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  • Writer's pictureAntte Lauhamaa

Pack it up for the mountains

Photo by Mika Merikanto

To pack your bag

Your backpack is the most valuable thing you own in the backcountry. You might loose your skis and get into trouble but if you loose your backpack you might be in serious trouble. Even worse is if you’ve only backed your back full of beer and chorizo (well, some of it doesn’t harm anybody). You should pack your things today, not in the morning when it’s easy to forget some of your belongings.

We all have our personal taste what comes to packing our bags but for backcountry at least following items should have a place in your backpack:

1. Shovel

2. Probe

3. Emergency shelter such as bivy bag or space blanket

4. A small First Aid Kit

5. A communication device

6. Navigation: GPS device or a compass (or smartphone with compass and GPS app)

7. Insulation: One extra pair of gloves, hat and a puff coat

8. Nutrition: Extra food - whatever you prefer but preferably something to boost up energy.

9. Hydration: Extra water. An insulated bottle of warm fluid is especially nice when the weather deteriorates and things get chilly.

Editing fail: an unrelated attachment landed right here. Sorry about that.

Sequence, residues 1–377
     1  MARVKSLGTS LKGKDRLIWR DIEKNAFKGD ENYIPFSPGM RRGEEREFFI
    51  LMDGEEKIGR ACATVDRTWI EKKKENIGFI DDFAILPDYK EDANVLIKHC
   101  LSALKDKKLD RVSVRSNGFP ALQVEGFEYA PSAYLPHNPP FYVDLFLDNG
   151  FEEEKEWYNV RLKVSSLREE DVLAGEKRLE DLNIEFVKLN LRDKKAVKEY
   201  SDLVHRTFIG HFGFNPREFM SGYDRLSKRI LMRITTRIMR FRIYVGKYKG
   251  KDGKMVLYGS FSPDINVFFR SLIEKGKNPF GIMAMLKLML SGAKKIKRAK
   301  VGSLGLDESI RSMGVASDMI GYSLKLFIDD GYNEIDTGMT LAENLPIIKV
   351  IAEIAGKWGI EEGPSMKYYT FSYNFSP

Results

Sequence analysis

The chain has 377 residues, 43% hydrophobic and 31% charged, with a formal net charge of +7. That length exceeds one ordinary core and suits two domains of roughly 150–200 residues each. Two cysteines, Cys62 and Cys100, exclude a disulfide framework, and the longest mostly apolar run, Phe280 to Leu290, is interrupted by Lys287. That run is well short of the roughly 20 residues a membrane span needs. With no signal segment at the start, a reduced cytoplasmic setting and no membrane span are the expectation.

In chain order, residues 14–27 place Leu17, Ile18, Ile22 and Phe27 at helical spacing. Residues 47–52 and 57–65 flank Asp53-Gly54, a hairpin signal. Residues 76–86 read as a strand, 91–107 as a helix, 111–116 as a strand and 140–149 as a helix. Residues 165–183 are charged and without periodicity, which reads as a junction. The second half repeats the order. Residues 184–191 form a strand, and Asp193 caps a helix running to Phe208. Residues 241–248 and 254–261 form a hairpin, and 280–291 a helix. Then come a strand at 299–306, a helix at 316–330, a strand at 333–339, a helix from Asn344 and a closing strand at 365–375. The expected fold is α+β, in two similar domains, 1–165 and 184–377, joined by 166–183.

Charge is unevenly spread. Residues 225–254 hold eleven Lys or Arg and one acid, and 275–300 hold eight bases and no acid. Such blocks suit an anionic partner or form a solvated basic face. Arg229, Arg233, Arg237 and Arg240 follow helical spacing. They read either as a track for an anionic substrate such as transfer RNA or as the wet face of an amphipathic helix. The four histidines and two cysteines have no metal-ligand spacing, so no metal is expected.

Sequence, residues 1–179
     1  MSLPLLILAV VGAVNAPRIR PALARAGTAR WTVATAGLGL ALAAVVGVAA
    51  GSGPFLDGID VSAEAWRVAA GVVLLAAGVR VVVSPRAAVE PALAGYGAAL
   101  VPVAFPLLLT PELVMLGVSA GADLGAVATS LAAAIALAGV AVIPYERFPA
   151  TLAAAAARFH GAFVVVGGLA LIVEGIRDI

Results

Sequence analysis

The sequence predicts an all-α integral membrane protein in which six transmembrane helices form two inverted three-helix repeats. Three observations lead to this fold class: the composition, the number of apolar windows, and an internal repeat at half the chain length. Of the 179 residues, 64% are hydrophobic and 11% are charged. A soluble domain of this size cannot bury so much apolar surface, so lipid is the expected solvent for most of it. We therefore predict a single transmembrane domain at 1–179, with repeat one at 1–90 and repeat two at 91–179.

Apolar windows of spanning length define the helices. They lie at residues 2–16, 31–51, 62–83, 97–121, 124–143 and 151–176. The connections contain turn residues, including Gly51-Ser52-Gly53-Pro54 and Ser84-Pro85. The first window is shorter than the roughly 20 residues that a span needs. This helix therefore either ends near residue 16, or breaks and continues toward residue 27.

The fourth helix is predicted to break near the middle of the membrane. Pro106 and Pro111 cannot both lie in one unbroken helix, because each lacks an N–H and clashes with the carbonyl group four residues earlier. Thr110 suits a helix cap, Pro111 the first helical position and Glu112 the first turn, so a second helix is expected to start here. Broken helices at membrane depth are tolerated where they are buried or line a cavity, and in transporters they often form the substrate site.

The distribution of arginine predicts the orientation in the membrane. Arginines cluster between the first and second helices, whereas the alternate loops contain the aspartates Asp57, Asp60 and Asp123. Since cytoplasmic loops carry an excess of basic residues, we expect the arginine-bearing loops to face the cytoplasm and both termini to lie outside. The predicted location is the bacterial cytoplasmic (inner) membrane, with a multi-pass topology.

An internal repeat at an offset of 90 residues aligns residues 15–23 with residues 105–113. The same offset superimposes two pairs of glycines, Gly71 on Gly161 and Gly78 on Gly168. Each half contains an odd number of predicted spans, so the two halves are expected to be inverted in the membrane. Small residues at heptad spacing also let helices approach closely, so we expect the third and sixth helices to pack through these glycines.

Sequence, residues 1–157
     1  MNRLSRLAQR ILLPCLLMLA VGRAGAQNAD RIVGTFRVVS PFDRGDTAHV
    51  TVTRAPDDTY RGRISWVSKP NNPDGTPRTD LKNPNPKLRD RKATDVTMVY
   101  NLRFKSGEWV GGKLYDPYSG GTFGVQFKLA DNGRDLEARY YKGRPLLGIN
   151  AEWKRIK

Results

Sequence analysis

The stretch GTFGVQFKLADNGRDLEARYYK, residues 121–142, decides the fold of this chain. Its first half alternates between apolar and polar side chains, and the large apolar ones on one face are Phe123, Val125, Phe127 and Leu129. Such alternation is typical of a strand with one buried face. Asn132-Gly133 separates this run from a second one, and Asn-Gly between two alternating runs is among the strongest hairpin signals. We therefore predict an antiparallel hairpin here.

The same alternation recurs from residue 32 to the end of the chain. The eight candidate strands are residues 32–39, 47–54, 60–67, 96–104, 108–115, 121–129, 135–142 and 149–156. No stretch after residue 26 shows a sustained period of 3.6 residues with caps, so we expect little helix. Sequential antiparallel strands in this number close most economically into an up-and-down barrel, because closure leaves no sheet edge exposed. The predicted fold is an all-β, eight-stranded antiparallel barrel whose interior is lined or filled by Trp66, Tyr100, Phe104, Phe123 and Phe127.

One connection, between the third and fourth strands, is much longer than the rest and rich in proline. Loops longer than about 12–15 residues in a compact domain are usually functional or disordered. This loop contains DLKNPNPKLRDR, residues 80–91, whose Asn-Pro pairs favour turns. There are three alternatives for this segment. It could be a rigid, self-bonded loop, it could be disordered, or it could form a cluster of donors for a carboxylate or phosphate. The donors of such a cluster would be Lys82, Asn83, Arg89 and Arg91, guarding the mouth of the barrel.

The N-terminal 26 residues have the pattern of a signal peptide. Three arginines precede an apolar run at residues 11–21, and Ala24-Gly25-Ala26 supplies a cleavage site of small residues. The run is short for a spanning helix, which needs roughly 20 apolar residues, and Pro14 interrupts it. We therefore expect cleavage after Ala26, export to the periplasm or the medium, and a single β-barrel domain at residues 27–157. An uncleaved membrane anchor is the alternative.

10. Illumination: When the night falls down dark as a dungeon the headlamp is a valuable piece of equipment.

11. A McGyver kit to do it all. Example of things to bring are: multitool, lighter, candle, metal wire, spare batteries for the beacon, some wax for the days the snow sticks to everything from ski boots to skins and duck tape that can be used practically for anything.

12. + (depending on outing) crampons, harness, 30 m of rope + glacier rescue kit.

Preparation of the gear

Skis are an extension of your body making skiing possible. If your skis are rusted so will be your skiing. Learn how to take care of your skis and keep edges ready to bite when it’s needed. Also local ski shops will be happy to give your skis a service in case you want something more advanced service to be done.

Check your set in advance to make sure that everything works as expected when you’re on top of that mean looking couloir.

With no exceptions I check the batteries before EVERY ski day and I change the batteries each time I’m under 50%. Do not wait until you only have 10% left, you can be certain that the beacon will quit on you as soon as you got the signal from your friend buried under the snow.

Charge the batteries on all of your electronic devices. It’s annoying when the camera tilts in crucial moment or mobile phone runs out of steam when you need it most.

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